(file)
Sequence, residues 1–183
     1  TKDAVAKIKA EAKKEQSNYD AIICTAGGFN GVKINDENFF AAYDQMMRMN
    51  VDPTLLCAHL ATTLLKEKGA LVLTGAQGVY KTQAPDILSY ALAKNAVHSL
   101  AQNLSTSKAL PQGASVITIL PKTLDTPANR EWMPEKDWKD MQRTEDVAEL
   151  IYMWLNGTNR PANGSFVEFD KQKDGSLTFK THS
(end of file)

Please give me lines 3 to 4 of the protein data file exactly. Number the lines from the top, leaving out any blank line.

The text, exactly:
    51  VDPTLLCAHL ATTLLKEKGA LVLTGAQGVY KTQAPDILSY ALAKNAVHSL
   101  AQNLSTSKAL PQGASVITIL PKTLDTPANR EWMPEKDWKD MQRTEDVAEL